👣💗 Inspired by Paulo Coelho: “It is easy to be a hater. Go for the difficult task: be a lover.”
There’s a trick
she’s still learning
the hard way
But years ago, she wrote
a simple prayer in a poem
” Let my heart be broken
torn into pieces
bring me to my knees
Let my heart be open”
And now she sees
that she wouldn’t do it
any other way
she’ll still choose to love
when it’ll be easier to turn away
she’ll still treat others
as if she’ll be treated the same
she’ll still hold open
the doors and the invitation
although it’s been closed on her
many times before
She’ll still choose
to let her heart be broken
than to regret the chance
She’ll still go forward
though others hold back
It’s a trick
the hard way
But she can’t be any different
since she had asked.after all.
to let her heart be broken
torn into pieces
and filled up
etched and engraved
11 01. 10/31/17
As September collapses into October each and every year, I find myself at that familiar ragged edge once again.
This is the month I began saying “goodbye” to the woman that raised me, loved me,claimed me and shaped me. It’s a month full of “last” and of too many “first” and I dance along the edges between the need for solitude,the desire for company. It’s a time when I long to be asked to dance and when I want to dance all by myself.
My Mema, Lord, have mercy, was the most charming, creative, headstrong, fearless, loving woman that ever danced this earth.
And I say “dance” instead of “walked” because that’s exactly hl what she did.
Our garage door was left wide open and Marty Robbins, Tammy Wynette, George Jones, Dolly Parton would keep us company while we worked in the garden, planting onions, beans,tomatoes and peppers or just sitting out in the driveway talking.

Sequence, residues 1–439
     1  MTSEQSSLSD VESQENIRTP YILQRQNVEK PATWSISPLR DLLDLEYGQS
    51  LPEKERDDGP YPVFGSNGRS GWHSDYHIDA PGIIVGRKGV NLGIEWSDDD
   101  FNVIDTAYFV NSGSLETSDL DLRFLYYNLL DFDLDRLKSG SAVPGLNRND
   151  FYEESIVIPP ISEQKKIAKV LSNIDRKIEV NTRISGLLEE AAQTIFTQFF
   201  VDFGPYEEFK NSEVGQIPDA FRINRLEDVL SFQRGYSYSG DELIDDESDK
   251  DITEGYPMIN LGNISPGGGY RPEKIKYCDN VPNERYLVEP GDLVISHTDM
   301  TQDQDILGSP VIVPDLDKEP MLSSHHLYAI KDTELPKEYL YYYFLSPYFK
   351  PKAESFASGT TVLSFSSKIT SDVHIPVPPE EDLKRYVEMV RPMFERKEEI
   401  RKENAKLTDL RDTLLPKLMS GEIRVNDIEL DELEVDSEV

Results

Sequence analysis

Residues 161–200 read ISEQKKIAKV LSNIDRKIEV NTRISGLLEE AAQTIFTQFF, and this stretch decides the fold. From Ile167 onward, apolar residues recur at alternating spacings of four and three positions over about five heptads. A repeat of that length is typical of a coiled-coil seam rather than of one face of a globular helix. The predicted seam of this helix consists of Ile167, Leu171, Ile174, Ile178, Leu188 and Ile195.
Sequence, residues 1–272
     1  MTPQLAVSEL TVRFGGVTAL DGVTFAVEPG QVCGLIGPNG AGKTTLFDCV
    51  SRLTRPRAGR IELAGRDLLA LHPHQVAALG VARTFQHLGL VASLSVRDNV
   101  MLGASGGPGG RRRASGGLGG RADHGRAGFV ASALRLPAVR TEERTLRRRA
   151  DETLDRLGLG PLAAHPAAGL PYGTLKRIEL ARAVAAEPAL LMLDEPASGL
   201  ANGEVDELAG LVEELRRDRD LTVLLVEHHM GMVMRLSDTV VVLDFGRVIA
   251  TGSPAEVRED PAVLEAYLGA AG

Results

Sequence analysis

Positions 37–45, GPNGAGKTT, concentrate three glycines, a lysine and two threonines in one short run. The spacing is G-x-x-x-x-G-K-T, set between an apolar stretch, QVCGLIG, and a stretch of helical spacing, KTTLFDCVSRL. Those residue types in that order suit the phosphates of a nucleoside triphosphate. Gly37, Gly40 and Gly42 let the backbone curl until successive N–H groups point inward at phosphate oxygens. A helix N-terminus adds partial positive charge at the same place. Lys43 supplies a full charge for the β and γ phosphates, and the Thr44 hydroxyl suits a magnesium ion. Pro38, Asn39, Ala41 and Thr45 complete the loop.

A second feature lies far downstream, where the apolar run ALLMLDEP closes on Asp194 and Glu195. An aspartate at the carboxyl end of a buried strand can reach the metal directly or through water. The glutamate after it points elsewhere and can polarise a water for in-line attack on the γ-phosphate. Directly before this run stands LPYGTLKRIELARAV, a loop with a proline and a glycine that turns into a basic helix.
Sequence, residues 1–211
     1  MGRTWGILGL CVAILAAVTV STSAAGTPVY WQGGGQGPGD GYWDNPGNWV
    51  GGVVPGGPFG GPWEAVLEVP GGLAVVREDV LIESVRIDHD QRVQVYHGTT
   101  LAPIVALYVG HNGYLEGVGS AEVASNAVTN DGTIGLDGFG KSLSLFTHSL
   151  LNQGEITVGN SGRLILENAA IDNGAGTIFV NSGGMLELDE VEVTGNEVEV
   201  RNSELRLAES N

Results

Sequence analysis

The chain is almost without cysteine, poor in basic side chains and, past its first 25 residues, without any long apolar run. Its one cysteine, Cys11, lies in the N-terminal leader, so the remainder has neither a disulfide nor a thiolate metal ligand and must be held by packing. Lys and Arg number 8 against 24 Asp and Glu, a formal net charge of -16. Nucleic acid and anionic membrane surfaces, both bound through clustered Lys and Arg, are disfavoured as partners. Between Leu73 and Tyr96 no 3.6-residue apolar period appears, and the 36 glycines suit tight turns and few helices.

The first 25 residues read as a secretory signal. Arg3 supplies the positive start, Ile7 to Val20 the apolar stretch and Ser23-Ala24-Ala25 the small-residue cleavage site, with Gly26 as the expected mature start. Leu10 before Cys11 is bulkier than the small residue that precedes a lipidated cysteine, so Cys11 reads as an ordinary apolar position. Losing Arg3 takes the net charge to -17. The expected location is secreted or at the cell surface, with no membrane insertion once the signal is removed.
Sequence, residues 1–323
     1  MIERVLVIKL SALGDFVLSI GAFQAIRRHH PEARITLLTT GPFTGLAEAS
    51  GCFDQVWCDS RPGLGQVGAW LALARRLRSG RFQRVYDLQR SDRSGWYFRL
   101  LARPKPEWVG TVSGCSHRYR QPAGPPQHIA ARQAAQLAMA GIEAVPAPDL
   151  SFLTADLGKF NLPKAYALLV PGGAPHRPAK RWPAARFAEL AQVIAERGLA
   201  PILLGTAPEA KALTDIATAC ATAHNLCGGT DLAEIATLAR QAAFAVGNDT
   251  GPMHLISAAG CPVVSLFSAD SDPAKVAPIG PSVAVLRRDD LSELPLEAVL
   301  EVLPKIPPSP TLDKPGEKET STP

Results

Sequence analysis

At any moment, she might catch my eye, wipe the dirt off her hands and grab my hand while saying , “Come on, let’s dance.” We would do a little two stepping in the grass and she would be singing the words so I could read her lips.
Her blue eyes would twinkle and she would say, ” Oh, I just love this man’s voice….he could put his boots under my bed anyday”
That was just a figure of speech for her. Truth be told, the only man who ever left his boots under her bed was the man she loved till the day she died.
Daddy and Mema could cut a rug better than Fred and Ginger. I remember being star struck watching them on the dance floor when I was 5 years old. Mema in a long, flowing chiffon gown and Daddy in his trademark black suit were the only couple on the floor and they swirled and turned and moved as if they were one and the ballroom was a stage.
As the song ended, people burst into applause and Daddy took Mema back to her seat, and smiled at me. I felt as if I was the luckiest little girl in the world- I was the daughter of people that could dance like that!
Mema used to tell me stories about how her momma- a stricter God-fearing woman- didn’t approve of dancing so Mema and her sister would sneak off into town and watch the couples dancing then come home and practice in front of the mirror with each other until they got the moves down pat.